Technology means assessments can focus on more than just multiple-choice. Can testing keep up?
When we imagine the future of assessment it’s easy to envision all sorts of impressive ways to help gauge what students know and what they can do. Gaming and simulations, especially, create all kinds of possibilities.
But the major focus of assessment technology in recent years, of course, has been on efficiency of test delivery and administration—with little true innovation making it to students’ test booklets or computer screens.
Eighteen years ago, Black and Wiliam of King’s College, London, told the world of the remarkable academic gains that can be accomplished by the effective use of the multi-step instructional process called “formative assessment.” Unfortunately, the term came to mean “frequent testing” to many. Because timing of the evidence-gathering step (during instruction) and immediacy of feedback are important to the process, online delivery of multiple-choice tests is what many chose to do in the name of “formative assessment.”
Research indicating that rich, descriptive feedback (not number of correct multiple-choice responses) is the most effective for formative purposes was largely ignored, as were other steps in the larger process. Fortunately, professional development specialists who understand the value of the full process are providing training and tools for true formative assessment.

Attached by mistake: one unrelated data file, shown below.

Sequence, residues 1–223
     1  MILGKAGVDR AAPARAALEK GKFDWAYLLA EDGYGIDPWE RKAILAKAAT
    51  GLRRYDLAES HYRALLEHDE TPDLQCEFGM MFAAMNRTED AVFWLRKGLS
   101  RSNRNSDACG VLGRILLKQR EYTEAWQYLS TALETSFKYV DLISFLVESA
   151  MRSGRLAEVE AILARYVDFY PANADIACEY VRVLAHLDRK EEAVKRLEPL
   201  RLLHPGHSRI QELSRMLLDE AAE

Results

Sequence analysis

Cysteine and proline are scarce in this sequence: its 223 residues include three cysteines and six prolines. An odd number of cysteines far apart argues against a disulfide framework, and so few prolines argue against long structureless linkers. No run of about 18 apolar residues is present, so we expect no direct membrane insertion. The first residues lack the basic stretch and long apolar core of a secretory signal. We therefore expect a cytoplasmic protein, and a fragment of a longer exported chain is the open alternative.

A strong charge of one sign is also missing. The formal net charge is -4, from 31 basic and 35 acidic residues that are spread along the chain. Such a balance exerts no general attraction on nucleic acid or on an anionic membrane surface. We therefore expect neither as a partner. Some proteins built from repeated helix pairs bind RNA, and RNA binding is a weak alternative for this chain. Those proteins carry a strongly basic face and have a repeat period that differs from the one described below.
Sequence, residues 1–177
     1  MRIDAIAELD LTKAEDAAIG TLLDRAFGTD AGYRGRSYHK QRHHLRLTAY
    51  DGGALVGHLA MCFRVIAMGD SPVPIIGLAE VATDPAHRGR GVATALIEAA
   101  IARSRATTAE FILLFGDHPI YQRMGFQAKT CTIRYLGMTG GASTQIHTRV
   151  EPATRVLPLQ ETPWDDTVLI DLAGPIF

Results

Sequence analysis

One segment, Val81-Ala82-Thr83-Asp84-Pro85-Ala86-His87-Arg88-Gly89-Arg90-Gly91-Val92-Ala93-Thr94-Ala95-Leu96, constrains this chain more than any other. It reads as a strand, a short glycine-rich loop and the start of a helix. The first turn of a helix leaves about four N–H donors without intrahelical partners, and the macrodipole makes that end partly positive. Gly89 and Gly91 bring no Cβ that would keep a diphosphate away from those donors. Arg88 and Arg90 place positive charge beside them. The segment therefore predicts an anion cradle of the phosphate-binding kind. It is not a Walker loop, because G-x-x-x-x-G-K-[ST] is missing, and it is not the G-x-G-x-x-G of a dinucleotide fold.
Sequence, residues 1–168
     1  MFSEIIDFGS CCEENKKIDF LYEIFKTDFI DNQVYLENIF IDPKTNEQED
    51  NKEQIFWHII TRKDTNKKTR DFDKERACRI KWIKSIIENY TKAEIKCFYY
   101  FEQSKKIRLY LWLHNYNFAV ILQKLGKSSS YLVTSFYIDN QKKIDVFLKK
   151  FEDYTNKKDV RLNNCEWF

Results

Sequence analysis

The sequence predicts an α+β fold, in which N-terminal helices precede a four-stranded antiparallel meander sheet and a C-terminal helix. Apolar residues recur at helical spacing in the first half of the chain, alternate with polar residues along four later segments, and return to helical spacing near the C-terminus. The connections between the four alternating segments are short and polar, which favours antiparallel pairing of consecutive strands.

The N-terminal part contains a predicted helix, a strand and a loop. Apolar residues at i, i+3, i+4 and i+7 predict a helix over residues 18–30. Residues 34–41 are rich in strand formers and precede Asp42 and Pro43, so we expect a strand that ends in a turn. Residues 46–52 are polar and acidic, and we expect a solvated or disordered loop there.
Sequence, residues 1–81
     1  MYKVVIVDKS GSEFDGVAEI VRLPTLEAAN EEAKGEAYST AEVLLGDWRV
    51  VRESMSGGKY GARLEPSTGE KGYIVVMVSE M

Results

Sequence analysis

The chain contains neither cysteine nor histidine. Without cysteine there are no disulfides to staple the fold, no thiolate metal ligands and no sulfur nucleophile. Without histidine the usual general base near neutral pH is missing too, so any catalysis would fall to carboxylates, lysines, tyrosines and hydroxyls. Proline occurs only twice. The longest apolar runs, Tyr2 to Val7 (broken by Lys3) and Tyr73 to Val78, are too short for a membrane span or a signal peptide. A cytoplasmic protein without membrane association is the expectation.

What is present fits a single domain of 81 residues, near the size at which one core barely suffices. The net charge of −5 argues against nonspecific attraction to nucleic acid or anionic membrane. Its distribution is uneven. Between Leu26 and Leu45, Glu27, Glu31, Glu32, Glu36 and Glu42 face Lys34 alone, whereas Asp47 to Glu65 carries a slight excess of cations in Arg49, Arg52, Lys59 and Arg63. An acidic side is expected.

The call for performance assessments
The No Child Left Behind Act (NCLB) required high-stakes testing at many grades and quick turnaround of results to accommodate parental choice decisions. To meet those requirements, and to save money, many states reduced or discontinued their use of non-multiple-choice formats, such as constructed-response questions and more extended performance tasks, which are expensive and take time to score. Efficiencies of time and cost ruled the day.
The result is that, for many students and teachers, their only experience with assessment has been during the NCLB era. And with increasingly higher stakes associated with state test results, it isn’t surprising that teachers use tests that emulate the state tests in their classrooms. Is it any wonder there are concerns about students’ lack of higher-order thinking skills and the ability to apply foundational knowledge and skills to more complex real-world problems?
Today’s business leaders and policy makers frequently call for deeper learning and college and career readiness in pre-college students, and the Common Core State Standards do the same. The federally-funded PARCC and Smarter Balanced consortia are assessing student achievement relative to those higher standards.
Next page: How schools can assess deeper learning
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